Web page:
The European Court of Justice has ruled in a case that had wide reaching implications for hosting providers. Netlog a social networking site that allowed users to upload content was defending itself against SABAM a Belgium based copyright collecting society.
SABAM was looking to ensure pro-active filtering systems were in place that would block all unauthorised file sharing between peers, rather than what most responsible sites do currently, which is to react to notices from copyright holders when they spot their material being used without permission.
"The owner of an online social network cannot be obliged to install a general filtering system, covering all its users, in order to prevent the unlawful use of musical and audio-visual work Such an obligation would not be respecting the prohibition to impose on that provider a general obligation to monitor nor the requirement that a fair balance be struck between the protection of copyright, on the one hand, and the freedom to conduct business, the right to protection of personal data and the freedom to receive or impart information, on the other"Extract from Court of Justice of the European Union Press Release
The case has been running since 2009, when SABAM tried to make it unlawful for Netlog to continue operating as it had, and for every day it was making available works without permission from SABAM to be fined €1000 a day.
General filtering systems are difficult to produce and run, and even if copyright holders providd digital signatures against which material can be checked, uploaders can change bit rates and codecs of material to bypass these sort of automated checks, or at the simplest level just name the file something else. It is this ease with which automated systems can be bypassed that would have meant that a system that would work reliably would be prohibitively expensive or require large amounts of human interaction to verify material.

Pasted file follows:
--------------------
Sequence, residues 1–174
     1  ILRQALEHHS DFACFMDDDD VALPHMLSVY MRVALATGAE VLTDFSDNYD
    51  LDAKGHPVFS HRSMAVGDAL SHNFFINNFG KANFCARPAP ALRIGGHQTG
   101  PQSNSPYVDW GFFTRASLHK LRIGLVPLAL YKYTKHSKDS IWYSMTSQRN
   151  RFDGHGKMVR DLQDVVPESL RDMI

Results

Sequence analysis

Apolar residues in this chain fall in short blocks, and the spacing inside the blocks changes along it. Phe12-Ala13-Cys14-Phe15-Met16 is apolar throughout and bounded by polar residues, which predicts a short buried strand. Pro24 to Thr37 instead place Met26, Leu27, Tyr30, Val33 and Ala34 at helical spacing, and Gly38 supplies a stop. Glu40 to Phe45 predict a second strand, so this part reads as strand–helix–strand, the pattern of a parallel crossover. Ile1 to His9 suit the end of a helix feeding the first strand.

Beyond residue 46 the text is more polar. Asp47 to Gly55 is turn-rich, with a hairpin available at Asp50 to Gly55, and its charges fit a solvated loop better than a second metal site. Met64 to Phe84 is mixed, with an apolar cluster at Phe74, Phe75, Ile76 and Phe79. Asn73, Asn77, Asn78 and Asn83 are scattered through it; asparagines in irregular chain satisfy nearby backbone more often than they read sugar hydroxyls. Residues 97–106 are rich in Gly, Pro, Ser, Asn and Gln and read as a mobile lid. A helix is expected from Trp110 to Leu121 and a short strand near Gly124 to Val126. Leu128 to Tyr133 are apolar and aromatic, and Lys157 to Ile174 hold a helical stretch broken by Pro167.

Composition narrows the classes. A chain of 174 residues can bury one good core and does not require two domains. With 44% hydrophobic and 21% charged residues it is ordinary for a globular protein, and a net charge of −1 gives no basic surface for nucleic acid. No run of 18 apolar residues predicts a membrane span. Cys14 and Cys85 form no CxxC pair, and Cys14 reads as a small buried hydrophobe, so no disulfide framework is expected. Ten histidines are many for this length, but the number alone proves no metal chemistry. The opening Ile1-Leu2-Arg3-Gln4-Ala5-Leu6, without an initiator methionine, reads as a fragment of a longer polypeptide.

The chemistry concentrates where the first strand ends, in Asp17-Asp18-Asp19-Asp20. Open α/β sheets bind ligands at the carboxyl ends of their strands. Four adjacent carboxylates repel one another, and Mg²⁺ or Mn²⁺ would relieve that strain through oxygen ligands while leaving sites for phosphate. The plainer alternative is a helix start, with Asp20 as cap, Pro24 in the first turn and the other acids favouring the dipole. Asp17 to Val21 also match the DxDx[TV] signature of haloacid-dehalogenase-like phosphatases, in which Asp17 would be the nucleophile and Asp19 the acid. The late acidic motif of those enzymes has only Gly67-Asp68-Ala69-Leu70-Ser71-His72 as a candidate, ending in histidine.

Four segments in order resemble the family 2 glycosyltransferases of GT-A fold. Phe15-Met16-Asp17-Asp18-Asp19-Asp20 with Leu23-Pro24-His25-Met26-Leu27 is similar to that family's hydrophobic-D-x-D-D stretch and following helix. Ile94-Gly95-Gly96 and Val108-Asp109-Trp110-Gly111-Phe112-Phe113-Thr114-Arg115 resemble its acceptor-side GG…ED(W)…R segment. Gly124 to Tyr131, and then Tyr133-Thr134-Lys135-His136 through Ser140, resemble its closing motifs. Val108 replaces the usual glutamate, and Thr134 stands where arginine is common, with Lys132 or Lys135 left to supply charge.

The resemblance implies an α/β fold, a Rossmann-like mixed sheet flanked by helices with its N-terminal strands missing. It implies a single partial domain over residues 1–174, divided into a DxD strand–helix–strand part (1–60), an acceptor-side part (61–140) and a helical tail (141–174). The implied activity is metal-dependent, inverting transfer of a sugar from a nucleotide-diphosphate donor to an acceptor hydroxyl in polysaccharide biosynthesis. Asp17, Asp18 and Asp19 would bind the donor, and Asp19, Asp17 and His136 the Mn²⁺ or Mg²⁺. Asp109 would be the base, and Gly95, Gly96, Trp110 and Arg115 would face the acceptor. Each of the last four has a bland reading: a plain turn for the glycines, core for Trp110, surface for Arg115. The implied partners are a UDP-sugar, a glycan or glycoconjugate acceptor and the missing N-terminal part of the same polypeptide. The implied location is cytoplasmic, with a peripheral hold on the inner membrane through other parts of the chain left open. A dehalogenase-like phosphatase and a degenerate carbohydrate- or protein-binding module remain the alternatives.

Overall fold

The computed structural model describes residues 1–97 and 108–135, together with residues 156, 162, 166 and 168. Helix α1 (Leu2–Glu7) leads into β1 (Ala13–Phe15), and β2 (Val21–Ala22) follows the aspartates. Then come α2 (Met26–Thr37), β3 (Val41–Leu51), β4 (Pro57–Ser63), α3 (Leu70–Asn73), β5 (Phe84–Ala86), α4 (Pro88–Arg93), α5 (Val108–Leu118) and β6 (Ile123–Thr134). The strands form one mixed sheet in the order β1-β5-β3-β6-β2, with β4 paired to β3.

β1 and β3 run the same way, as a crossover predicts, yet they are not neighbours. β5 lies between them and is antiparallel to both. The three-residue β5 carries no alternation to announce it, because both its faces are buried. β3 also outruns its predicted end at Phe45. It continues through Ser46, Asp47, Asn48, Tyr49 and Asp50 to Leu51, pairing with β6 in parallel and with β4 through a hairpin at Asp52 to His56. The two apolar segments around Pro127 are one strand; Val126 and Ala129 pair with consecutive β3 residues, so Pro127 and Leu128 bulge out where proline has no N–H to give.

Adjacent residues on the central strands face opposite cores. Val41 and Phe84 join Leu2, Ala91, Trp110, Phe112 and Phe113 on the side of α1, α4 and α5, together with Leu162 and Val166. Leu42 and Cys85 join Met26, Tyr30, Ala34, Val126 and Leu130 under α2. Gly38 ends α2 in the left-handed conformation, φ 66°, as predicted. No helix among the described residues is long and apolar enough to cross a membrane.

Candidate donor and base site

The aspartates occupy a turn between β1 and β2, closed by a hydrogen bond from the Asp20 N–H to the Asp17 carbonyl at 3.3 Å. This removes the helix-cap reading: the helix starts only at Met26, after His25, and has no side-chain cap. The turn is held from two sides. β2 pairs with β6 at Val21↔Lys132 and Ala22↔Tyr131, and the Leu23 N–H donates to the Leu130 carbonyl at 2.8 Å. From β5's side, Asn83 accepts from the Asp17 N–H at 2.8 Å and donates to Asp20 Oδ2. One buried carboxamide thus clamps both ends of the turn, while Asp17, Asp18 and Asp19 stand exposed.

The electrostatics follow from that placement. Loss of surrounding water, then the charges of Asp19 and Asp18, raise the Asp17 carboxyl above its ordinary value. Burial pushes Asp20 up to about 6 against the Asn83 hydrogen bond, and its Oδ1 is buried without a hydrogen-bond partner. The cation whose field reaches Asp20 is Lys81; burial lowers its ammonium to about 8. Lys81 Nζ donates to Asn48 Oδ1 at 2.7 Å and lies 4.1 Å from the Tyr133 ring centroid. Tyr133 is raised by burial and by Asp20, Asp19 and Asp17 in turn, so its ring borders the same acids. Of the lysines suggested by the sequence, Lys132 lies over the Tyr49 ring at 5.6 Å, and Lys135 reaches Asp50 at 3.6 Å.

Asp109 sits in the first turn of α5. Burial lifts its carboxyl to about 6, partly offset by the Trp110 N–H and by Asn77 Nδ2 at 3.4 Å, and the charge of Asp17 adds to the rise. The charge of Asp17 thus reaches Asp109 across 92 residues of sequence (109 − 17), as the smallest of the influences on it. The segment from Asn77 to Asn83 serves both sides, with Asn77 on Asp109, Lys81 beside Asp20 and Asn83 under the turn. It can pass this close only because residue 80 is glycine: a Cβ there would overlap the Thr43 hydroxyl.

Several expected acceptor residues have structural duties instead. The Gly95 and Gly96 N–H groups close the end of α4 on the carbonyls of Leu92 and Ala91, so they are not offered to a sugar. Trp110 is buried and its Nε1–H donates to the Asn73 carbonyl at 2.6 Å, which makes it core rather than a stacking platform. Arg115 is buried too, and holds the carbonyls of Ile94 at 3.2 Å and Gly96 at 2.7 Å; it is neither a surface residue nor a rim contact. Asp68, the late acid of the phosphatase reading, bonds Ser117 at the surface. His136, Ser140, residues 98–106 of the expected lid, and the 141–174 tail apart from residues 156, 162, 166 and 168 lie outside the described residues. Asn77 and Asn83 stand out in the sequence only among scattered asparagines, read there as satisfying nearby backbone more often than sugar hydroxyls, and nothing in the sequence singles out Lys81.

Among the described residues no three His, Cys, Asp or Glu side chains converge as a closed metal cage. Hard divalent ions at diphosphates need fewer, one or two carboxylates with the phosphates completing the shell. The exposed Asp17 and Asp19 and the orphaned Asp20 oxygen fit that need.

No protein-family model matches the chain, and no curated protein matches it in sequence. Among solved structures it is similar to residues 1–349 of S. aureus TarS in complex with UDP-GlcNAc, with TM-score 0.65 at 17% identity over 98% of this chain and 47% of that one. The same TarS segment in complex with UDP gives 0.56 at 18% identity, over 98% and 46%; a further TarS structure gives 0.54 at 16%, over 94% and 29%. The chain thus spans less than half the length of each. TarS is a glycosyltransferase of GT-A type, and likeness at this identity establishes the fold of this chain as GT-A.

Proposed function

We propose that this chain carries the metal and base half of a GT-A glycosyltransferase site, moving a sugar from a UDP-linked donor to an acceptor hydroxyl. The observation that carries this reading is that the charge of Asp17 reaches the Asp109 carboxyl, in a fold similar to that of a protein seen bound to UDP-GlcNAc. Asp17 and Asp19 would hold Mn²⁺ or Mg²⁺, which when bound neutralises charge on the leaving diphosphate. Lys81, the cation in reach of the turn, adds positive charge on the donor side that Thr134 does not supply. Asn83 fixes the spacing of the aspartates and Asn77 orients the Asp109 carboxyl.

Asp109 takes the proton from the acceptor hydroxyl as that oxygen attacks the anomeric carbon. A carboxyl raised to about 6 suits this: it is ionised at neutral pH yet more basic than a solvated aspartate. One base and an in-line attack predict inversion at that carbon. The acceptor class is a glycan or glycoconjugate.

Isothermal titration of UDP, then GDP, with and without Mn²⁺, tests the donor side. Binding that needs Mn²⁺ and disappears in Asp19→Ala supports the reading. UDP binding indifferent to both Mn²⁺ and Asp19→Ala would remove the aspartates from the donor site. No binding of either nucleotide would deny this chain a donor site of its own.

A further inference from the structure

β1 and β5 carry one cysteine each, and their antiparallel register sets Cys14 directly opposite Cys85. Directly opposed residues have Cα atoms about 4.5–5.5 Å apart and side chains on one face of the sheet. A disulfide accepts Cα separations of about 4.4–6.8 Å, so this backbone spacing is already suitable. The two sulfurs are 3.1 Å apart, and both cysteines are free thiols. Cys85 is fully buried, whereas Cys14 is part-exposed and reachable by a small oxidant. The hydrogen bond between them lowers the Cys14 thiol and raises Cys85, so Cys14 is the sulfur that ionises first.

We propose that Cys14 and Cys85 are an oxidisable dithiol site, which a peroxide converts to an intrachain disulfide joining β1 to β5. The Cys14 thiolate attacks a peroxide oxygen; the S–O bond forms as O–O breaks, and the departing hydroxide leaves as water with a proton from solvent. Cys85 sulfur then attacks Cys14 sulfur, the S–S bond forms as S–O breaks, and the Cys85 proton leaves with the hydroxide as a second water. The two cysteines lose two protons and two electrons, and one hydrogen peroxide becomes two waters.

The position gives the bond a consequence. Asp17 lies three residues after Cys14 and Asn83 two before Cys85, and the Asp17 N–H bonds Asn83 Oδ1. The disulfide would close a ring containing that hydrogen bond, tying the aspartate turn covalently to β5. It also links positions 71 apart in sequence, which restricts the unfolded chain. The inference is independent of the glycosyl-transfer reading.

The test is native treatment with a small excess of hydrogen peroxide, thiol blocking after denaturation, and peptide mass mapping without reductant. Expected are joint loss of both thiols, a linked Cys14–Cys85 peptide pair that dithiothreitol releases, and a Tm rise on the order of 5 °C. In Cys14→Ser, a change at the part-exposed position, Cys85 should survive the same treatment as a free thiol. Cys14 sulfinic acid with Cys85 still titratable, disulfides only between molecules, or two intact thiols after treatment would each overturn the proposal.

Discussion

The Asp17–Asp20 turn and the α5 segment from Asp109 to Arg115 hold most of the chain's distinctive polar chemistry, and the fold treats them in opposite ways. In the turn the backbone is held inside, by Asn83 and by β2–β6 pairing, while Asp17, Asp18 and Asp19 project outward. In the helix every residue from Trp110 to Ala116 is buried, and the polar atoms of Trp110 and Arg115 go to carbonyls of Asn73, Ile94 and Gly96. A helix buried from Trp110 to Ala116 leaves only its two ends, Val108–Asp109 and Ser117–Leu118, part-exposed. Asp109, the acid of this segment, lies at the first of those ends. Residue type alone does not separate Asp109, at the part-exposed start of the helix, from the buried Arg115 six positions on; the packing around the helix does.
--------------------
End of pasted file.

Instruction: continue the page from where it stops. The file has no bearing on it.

The European Court is trying to balance the rights of the copyright holders, and the freedom for sites like NetLog to conduct business along with the privacy of users of a service. In cases where a host does not remove material that clearly infringes copyright upon a reasonable request, or pro-actively seeks the material itself and promotes it to site visitors then the situation is likely to be different.
This ruling follows on from the SABAM versus Scarlet ruling in November 2011, that ruled that internet service providers cannot be be asked to filter Internet content for copyright enforcement purposes, the requests for filtering contravening the e-commerce directive, as well as the fundamental rights of European citizens.
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